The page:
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TerrorismBasque separatist group ETA to disarm

Published 20 March 2017

On Friday, the militant separatist group ETA has announced that, by early next month, it will completely disarm, and that from that point forward it will pursue its goal of an independent or autonomous Basque region by political means. Friday’s announcement comes six years after ETA renounced the use of violence. ETA was formed in 1959, and, in 1968, launched a campaign of violence against the Spanish state. ETA’s terror campaign, which ended in 2011, killed 829 Spanish politicians, policeman, military personnel, judges – but also a number of innocent bystanders – in bombings and shootings.

The flag of the Basque seperatist movement // Source: theconversation.com

On Friday, the militant separatist group ETA has announced that, by early next month, it will completely disarm, and that from that point forward it will pursue its goal of an independent or autonomous Basque region by political means.

Friday’s announcement comes six years after ETA renounced the use of violence. ETA said that it will reveal to the Spanish authorities the locations of the group’s hidden arms stockpiles.

Txetx Etcheverry, an activist with Basque environmental group BIZI, which also favors Basque independence, told Le Monde that “ETA has handed us responsibility for the disarmament of its arsenal and, as of the evening of April 8, Eta will have completely handed over its weapons.”

The Basque region straddles the Spanish-French border, and Basque claims for autonomy or independence envision a Basque homeland which includes territories which are now parts of Spain and France.

With an eye to France, Etcheverry said the disarmament should be completed before the first round of the France’s presidential election on 23 April.

The Irish Times reports that Iñigo Urkullu, the head of the Basque regional government, said the Spanish and French security agencies had been informed of the disarmament decision, adding that ETA’s decision would be “definitive, unilateral, irrevocable, complete and legal.”

Making clear that the ETA disarmament decision did not mean that the Basques were giving up their goal of political independence, Urkullu urged the Spanish and French governments to help launch talks to achieve “a goal with historic importance for our society.”

The Spanish government reacted cautiously. “ETA has to do two things: disarm and dissolve itself,” government spokesman Iñigo Méndez de Vigo told a news conference on Friday.

He added that the Spanish government would not speculate on any potential disarmament, and would respond to how things developed on the ground.

Basque politicians welcomed ETA’s Friday announcement.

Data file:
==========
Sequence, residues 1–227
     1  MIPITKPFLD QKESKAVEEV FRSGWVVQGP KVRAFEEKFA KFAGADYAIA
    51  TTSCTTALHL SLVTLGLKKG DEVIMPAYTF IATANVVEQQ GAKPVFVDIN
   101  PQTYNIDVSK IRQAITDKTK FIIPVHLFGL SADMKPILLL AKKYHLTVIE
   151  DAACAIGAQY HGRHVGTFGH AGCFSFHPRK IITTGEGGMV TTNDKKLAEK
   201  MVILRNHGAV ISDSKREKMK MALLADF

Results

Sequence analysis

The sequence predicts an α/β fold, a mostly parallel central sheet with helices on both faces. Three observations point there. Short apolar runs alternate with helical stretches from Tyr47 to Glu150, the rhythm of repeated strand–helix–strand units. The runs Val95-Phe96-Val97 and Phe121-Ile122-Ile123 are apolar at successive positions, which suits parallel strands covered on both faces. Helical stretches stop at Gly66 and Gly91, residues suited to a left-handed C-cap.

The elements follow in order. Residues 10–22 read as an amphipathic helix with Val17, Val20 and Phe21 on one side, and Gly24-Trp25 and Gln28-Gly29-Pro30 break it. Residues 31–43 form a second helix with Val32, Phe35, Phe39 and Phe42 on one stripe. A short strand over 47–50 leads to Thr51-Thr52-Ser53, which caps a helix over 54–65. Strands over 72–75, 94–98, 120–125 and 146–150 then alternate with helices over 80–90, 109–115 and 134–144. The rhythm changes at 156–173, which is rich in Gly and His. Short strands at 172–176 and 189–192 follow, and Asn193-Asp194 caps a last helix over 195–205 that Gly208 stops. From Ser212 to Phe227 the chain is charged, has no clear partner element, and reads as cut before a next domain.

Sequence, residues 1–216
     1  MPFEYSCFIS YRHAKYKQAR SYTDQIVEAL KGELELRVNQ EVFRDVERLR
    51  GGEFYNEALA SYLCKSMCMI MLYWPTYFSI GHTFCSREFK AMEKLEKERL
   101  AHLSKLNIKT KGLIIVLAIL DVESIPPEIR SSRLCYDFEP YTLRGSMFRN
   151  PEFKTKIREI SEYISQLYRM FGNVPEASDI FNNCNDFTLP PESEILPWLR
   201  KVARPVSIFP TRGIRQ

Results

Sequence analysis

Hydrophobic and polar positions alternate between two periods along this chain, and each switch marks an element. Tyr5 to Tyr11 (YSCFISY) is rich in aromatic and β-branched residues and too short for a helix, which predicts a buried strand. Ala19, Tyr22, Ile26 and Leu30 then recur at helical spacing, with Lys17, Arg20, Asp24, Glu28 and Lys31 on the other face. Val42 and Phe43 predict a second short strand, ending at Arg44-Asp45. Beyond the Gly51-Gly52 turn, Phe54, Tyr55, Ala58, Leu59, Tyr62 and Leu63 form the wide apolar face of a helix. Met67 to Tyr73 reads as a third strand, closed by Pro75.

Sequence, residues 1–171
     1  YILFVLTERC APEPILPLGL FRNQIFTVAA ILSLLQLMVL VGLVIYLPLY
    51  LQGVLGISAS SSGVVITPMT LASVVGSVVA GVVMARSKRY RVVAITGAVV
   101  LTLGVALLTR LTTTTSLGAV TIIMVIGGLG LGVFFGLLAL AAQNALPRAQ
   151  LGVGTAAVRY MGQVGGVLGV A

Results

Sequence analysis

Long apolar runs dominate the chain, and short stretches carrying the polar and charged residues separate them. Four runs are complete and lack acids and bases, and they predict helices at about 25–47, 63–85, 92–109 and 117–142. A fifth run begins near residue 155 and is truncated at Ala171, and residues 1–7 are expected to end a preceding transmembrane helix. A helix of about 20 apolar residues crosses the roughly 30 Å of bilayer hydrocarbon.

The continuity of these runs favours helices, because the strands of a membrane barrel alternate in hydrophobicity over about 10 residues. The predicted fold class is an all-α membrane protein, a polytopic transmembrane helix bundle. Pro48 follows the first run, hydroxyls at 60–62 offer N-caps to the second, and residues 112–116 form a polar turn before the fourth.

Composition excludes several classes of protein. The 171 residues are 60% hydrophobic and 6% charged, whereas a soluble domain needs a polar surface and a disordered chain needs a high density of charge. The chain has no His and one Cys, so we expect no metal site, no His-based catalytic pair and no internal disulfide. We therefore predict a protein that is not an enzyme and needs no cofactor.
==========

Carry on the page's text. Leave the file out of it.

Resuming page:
Arnaldo Otegi, a former ETA militant who is now the leader of the far-left Basque separatist party Sortu, described the decision to disarm an “exciting historical moment.”

Otegi launched Sortu last year, after spending a six-year sentence for his efforts to resurrect Batasuna, a pro-independence party which was banned by Spain because it was seen as the political wing of ETA.

“Let’s hope that this time the weapons handover will be final,” he told a news conference.

A disarmament would mark one of the last chapters in the drawn-out demise of Eta,

ETA was founded in 1959, when Spain was under the rule of Francisco Franco. Its goal has been to establish an independent Basque state in northern Spain and southern France. In 1968 it launched a campaign of violence against the Spanish state, which lasted until 2011, killing 829 Spanish politicians, policeman, military personnel, judges – but also a number of innocent bystanders – in bombings and shootings. The precise number of ETA victims is not known, and some scholars say it is larger than 1,000.

For the first twenty-five years of its existence, ETA did not conduct any terrorist actions in France. In fact, while Franco was still in power (he died in 1975), France allowed ETA militants to use the Basque region in southern France as a safe haven, and the French security authorities looked the other way as Basque fighters crossed the Spanish-French border back and forth.

The French attitude toward ETA began to change in the 1980s, as worries about leftist urban terrorism became more pronounced, and as democracy emerged in Spain. Beginning in the early 1990s, the French authorities began to extradite ETA militants to Spain – in response to which ETA launched several attacks on French police personnel, and issued public threats against judges presiding over extradition processes. The number of French people killed by the group, however, was small – under a dozen – and the group’s leadership was divided over whether or not to conduct operations in France.

ETA renounced the use of violence in 2011, but, until Friday, refused to hand over its arms.

yet to hand over its entire arsenal.

The renunciation of violence by ETA in 2011 did not lead the Spanish and French authorities to relax their campaign against the group. Over the past six years, the security services in Spain and France have arrested hundreds of the group’s members, and about 350 of them, including the group’s leader, are now in Spanish and French jails.